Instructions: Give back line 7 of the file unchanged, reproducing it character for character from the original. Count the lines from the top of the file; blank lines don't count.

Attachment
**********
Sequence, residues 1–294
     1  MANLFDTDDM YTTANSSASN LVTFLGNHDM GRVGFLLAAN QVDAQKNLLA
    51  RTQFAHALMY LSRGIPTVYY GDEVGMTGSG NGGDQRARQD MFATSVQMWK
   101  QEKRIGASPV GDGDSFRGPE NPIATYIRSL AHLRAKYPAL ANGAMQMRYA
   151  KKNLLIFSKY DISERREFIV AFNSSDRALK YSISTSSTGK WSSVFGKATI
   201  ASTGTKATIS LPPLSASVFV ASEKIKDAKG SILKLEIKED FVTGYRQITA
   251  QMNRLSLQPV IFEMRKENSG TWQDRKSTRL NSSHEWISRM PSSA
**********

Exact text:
   251  QMNRLSLQPV IFEMRKENSG TWQDRKSTRL NSSHEWISRM PSSA